126 Lazenby Hall
1827 Neil Avenue
- PhD, Cornell University
There's an old saying, "Don't judge a person until you've walked a mile in their shoes." The logic of this advice draws on a fundamental truth of human psychology: an individual's perceptions of the world, and thus their reactions to it, are influenced by their subjective perspective. This truth helps explain why different people can react differently to the same situation, and also why the same person can react differently at different points in time. If you've ever looked back on a past relationship, business decision, or even fashion choice and wondered, "What was I thinking?!", you can appreciate the power of perspective.
A main line of research in my lab investigates perspective in a literal sense. Visual images of actions and social events necessarily have a perspective, and can be depicted either from the actor’s first-person or an observer’s third-person perspective. Images vary on this dimension whether they are internally or externally generated, or depict one’s own or others’ actions. For example, films may switch from the standard external perspective to adopt a character’s first-person perspective in critical scenes. Advertisements sometimes depict products from the user’s first-person point-of-view. And, when people recall or imagine autobiographical episodes they may visualize them from their own or an observer’s point-of-view. We investigate how visual perspective, across these various forms of imagery, shapes the manner in which people process information and thereby influences judgments, emotion, and behavior. This work has practical implications for channeling the power of mental simulation to desired ends, and theoretical implications for understanding the pathways by which imagery and mental simulation shape cognition. Other lines of research in my lab investigate perspective in a figurative sense—for example, considering how group identity relates to perceptions of current and past social events, and how divergent experiences of physical motion shape interpretations of social events.
Libby, L.K., Shaeffer, E.M., Eibach, R.P., & Slemmer, J.A. (2007). Picture yourself at the polls: Visual perspective in mental imagery affects self-perception and behavior. Psychological Science, 18, 199 – 203.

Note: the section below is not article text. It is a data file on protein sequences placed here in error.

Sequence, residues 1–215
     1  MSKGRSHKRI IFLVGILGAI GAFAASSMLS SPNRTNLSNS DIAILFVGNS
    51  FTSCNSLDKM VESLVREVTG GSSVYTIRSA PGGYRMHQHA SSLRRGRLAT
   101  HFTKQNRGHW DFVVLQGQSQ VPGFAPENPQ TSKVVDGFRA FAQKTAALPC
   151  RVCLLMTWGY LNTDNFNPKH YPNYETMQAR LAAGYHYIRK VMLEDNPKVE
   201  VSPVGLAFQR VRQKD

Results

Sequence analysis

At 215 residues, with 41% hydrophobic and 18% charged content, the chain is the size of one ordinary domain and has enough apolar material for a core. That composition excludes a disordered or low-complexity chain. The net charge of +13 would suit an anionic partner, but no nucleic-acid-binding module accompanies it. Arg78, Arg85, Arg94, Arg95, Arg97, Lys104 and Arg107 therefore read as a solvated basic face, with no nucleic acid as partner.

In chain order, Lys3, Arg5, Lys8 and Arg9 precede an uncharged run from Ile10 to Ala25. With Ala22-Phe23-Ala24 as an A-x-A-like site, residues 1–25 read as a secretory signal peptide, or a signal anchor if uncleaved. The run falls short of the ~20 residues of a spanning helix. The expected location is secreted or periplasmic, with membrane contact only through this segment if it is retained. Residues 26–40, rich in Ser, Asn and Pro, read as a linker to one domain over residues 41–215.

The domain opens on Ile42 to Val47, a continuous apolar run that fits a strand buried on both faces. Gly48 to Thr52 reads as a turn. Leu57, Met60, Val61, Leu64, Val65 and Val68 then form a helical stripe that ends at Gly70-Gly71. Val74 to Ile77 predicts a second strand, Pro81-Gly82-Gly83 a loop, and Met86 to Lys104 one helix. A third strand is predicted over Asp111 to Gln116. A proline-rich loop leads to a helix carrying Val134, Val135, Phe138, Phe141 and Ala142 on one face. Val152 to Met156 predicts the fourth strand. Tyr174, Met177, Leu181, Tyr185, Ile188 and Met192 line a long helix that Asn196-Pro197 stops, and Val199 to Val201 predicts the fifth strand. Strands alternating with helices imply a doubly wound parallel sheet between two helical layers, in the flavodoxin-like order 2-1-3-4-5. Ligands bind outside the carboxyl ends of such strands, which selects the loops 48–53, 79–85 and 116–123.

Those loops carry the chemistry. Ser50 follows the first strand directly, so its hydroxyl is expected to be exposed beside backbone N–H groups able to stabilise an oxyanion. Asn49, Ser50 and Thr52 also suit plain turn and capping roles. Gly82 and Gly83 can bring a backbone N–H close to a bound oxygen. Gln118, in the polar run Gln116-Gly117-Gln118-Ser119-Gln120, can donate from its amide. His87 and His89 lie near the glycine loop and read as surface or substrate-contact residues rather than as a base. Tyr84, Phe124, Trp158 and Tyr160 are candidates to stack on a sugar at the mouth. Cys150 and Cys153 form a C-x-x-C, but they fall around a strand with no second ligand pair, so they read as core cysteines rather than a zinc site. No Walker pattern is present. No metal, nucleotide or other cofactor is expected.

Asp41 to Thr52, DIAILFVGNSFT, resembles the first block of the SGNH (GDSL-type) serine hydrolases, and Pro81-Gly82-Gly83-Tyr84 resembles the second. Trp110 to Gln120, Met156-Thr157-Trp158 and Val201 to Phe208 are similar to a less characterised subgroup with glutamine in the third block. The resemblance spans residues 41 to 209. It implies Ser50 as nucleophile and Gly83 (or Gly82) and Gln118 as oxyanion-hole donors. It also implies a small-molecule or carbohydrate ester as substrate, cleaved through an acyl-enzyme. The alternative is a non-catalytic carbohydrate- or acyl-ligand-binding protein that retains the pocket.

Libby, L.K., Shaeffer, E.M., & Eibach, R.P. (2009). Seeing meaning in action: A bidirectional link between visual perspective and action identification level. Journal of Experimental Psychology: General, 138, 503-516.
Libby, L.K., & Eibach, R.P. (2011). Visual perspective in mental imagery: A representational tool that functions in judgment, emotion, and self-insight. In M.P. Zanna and J.M. Olson (Eds.), Advances in Experimental Social Psychology (Vol. 44, pp. 185 – 245). San Diego: Academic Press.
Kaufman, G., & Libby, L.K. (2012). Changing beliefs and behavior through experience-taking. Journal of Personality and Social Psychology, 103, 1 – 19.
Libby, L.K., & Eibach, R.P. (2013). More than meets the eye: Visual mental imagery as a medium for social cognition. In D.E. Carlston (Ed.), The Oxford Handbook of Social Cognition (pp. 147 – 166). New York: Oxford University Press.
Libby, L.K., Valenti, G., Hines, K., & Eibach, R.P. (2014). Using imagery perspective to access two distinct forms of self-knowledge: Associative evaluations versus propositional self-beliefs. Journal of Experimental Psychology: General, 143, 492 – 497.
Shaeffer, E.M., Eibach, R.P., & Libby, L.K. (2015). Changing visual perspective changes processing style: A distinct pathway by which imagery guides cognition. Journal of Experimental Psychology: General, 144, 534 – 538.